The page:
live. I was confusing means and end. I could not see the
picture for the frame. I had no time - no leisure. What chance
had the hidden mysteries of nature and science of meaning
anything to me? I should lose my place in the human river
crossing London Bridge if I stopped to look at the waters
below. What chance had I to see the stars in the artificial fog
that hid even the crowded chimney pots? Obsessed with
haste, what thought had I for speed? The nightmare of a
traffic jam in the Strand prevented me from thinking of the
majestic sweep of the earth in its ordered course around the
sun. The fever of the rise and fall on the Stock Exchange
made me forget the sea beating a regular, never ending
pulse along the coast. The press hot pages of Fleet Street
smeared my fingers and paralyzed my brains; the mad jazz
band of the City drowned the message of universal rhythm
that nature gives her children.

I had no time for anything - not even eternity. So I said "I
must make time. This seems more important than income
tax forms. They talk a lot about the sciences teaching us the
hidden mysteries. Geometry is one of the sciences. What do
they tell us about it?" And I read "It is a science by which we
ascertain the contents of bodies unmeasured by comparing
them with those already measured." 2nd sec. 2nd lect. and I
thought of Fabre's definition. "The progressive march of the
known towards the unknown." And as I made time to read
about things we call knowledge I found that we knew quite a
little which in its turn seemed to be quite a lot, and that in all
sciences we seemed to come across Geometry, so that we
were marching progressively from the known to the
unknown. I found a good deal of Geometry in Chemistry.

When I read about the periodic Law I found there were 92
known elements which when compared with hydrogen, the
lightest of them had different relative weights.

When the elements were arranged in a table according to
those weights, they seemed to have likenesses in properties
which occurred at regular stated intervals and that from
studying the known elements chemists had been able to
anticipate the finding of elements hitherto unknown. This to
my mind showed the existence of a definite plan which was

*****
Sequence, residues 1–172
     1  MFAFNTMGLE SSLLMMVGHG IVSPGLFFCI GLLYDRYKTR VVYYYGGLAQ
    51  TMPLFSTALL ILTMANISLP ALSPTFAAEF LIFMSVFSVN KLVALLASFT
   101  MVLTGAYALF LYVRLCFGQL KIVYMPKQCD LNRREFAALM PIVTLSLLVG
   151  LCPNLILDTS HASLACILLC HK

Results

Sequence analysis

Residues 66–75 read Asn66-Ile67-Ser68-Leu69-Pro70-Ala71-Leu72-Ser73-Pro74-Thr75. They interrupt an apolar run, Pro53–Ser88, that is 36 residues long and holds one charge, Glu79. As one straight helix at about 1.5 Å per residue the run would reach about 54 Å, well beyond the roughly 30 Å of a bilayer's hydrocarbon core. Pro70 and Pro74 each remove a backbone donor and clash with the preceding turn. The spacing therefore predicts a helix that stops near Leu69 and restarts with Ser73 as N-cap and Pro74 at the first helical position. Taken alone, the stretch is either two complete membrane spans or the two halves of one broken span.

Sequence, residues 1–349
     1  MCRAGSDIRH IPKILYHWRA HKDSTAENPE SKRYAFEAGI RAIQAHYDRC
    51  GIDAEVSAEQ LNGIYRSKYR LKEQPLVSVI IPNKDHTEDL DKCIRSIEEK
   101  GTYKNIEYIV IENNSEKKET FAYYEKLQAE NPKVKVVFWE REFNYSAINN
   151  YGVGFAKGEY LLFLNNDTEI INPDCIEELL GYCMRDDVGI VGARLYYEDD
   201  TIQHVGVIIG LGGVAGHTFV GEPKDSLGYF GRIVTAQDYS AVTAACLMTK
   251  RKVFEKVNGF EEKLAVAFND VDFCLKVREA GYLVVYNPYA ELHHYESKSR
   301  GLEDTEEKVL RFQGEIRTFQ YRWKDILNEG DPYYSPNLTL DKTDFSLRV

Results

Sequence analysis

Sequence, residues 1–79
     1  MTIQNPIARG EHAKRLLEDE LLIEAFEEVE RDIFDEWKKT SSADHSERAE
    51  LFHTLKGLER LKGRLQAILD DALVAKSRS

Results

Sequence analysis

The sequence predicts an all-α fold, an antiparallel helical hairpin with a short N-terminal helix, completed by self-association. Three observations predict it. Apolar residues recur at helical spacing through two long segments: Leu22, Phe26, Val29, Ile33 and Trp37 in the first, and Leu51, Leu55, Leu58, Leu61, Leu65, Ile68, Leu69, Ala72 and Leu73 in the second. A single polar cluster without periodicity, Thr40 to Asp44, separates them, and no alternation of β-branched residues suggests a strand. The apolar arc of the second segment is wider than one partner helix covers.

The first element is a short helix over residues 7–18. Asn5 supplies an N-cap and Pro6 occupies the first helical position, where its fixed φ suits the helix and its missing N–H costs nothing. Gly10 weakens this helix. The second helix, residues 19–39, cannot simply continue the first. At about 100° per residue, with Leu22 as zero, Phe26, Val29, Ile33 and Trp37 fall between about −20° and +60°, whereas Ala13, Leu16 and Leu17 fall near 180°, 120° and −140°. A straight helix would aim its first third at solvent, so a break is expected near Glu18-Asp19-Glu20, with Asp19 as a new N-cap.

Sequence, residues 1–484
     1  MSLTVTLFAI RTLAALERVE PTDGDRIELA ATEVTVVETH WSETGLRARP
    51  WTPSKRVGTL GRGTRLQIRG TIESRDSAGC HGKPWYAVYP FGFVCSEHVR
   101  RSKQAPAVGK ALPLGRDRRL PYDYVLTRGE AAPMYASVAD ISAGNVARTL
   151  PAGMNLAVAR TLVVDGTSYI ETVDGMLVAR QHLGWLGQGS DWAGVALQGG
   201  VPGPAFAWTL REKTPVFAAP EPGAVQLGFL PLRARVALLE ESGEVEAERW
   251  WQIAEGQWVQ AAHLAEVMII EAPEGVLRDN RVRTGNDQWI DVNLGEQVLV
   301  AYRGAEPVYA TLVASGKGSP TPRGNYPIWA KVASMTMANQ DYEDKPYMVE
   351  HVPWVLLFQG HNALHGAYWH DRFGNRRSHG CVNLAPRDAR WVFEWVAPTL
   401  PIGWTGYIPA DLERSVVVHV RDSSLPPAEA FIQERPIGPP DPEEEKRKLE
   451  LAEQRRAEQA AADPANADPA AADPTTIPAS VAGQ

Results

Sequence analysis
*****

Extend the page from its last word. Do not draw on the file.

far removed from mere coincidence. This in turn led to the
conclusion - if a plan, then a power that made the plan.

Again led by Geometry, I read about the world outside us.
The time units of the scientists were quite beyond my
comprehension but I found that known movements of the
planets had enabled astronomers to prophesy the finding of
planets yet unknown and that after many years actual
photographs had proved the accuracy of mental calculations.
Again a plan and again the Maker of the Plan.

 From the worlds outside, I turned to read of our own earth.
Here too the units of time were unthinkable, but somehow
they seemed comparatively small compared with those of
the outside worlds. The following table may help us. At first it
is only in million years.

The Earth's independent existence       - 2,000
History as shown in rocks               - 1,600
Rocks without life                      - 1,600 - 800
Rocks with traces of early life                 - 800 onwards
Backbones begin in the earliest fishes  - 500
Coal, swamps, woody tissue, reptiles, isolated
individuals                             - 200 to 80
Birds and Early Mammals, teachable
individuals
Primitive Monkeys                       - 40
         Ice Ages
         Eoliths, flints used by animals          1 to
         Java Ape man    -               1/2
         Sub-humans      -               1/4

Now we get to years in thousands
Almost men                              - 50
First true men                          - 30
A very imperfect me             - A.D. 1930

and it seemed that there had not only been a plan and its
Maker but a very long road, but I said "If all those years have
been taken in reaching what is Master of these animals, if
that Master is still at the mercy of the smallest microbe, if
that Master is still imperfect as I know him to be, how long